Ten days after U.S. Marines and British troops stormed into southern Iraq, Basra is still under siege. Iraqi army regulars and members of the Saddam's Fedayeen militia have interspersed themselves among civilians, leaving British commandos wondering aloud whether they will have to enter the city and face house-to-house combat with hard-core fighters.

As the stalemate drags on, many soldiers and even some nearby Iraqi villagers are asking: If Basra has proven so difficult, how much more problematic will it prove for U.S. troops to conquer Baghdad, President Saddam Hussein's capital and the seat of his Baath Party power?

"What's going to happen in Baghdad?" said Sgt. Stu Wickham, 34, of Watford, England. "I think it's going to be a problem in Baghdad."

"They said within 48 hours they would enter Baghdad," said an Iraqi employee of an oil refinery outside Basra. "Now after seven or eight days, they can't even enter Basra."

That was not the plan. Basra was supposed to fall in as little as a day, British soldiers say. Its 1.3 million inhabitants, predominantly Shiite Muslims, were considered largely hostile to Hussein and his party. Twelve years ago, during the Persian Gulf War, they rebelled against Hussein. The hope and expectation of U.S. and British war planners was that the same thing would happen again.

It has not. And Baghdad is likely to prove even more complicated on a number of fronts. The capital is larger and more sprawling, and is home to about 5 million people, divided about evenly between Shiite and Sunni Muslims. While Basra is considered a stronghold of anti-government sentiment, Baghdad is the government's home base and is likely to have many more Hussein loyalists willing to confront the U.S. and British invaders.

Also, Baghdad has been fortified by Iraq's best-trained, best-equipped unit, the Special Republican Guard, while the British in Basra say they are confronting mainly irregular forces who drive around in white pickup trucks, sometimes mounted with heavy machine guns in the style of Somali "technicals."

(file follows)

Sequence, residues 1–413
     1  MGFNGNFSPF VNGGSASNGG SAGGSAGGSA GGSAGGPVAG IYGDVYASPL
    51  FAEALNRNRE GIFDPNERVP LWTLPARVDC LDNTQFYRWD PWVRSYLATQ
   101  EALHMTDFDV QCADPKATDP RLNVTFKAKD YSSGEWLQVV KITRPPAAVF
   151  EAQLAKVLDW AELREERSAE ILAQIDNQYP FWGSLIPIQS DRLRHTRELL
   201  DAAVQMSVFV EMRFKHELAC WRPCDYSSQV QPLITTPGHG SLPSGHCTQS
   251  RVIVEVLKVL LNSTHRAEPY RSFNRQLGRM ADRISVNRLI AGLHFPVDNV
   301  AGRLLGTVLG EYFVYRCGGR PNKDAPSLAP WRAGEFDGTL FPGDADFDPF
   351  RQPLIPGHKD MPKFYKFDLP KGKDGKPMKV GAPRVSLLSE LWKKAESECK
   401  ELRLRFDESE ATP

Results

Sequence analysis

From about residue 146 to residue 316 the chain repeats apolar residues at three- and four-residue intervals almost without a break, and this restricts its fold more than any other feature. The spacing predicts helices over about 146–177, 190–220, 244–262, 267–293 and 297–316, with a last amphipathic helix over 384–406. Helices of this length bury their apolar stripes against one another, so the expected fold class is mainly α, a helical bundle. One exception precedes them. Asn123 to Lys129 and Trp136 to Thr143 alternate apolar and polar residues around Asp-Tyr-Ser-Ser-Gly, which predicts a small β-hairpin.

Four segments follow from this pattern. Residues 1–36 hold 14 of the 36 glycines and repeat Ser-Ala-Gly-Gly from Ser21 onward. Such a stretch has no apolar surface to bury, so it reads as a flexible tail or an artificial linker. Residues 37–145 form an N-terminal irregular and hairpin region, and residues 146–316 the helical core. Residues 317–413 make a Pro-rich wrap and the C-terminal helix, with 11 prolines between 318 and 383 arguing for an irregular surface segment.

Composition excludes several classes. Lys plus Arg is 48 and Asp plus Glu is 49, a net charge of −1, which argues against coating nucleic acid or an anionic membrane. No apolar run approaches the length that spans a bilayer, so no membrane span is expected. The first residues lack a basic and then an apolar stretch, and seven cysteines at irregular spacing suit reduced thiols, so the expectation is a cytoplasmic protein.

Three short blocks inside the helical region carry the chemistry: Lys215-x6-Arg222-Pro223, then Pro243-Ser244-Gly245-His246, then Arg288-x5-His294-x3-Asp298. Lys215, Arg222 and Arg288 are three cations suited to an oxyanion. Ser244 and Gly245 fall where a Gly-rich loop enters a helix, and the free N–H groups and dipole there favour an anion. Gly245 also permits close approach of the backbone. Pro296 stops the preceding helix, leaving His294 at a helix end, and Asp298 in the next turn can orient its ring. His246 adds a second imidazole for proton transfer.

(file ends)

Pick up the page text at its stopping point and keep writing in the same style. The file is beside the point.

"They seem to us to be just a bunch of hoodlums picking up weapons," said a British soldier who spent the last few days exchanging fire with militiamen in the city. He said the militiamen are driven to the edge of the city in pickup trucks, and they crawl or slink through the fields and along the oil pipelines, moving close to British positions before popping up to take shots with their assault rifles or rocket-propelled grenade launchers.

"They're crap shots," said the soldier, a 37-year-old corporal whose 15 years of urban combat experience includes Belfast, Bosnia and Kosovo.

"I think we're going to have to" go in, he added. "I don't see any other way."

The problem with such warfare, he said, is that foreign troops have difficulty distinguishing combatants from civilians. "That's the problem we've got now," he said. "We don't know the enemy anymore."

British commanders and soldiers said the continued fighting in Basra appears to be orchestrated by a few "intimidators," Baath Party officials and other leaders who give instructions to the fighters and exhort or threaten them to carry out attacks. The British said their artillery strikes into the city, and occasional American air assaults called in by U.S. forward air controllers based at the Basra airport, have been carefully targeted to hit only those identifiable leaders.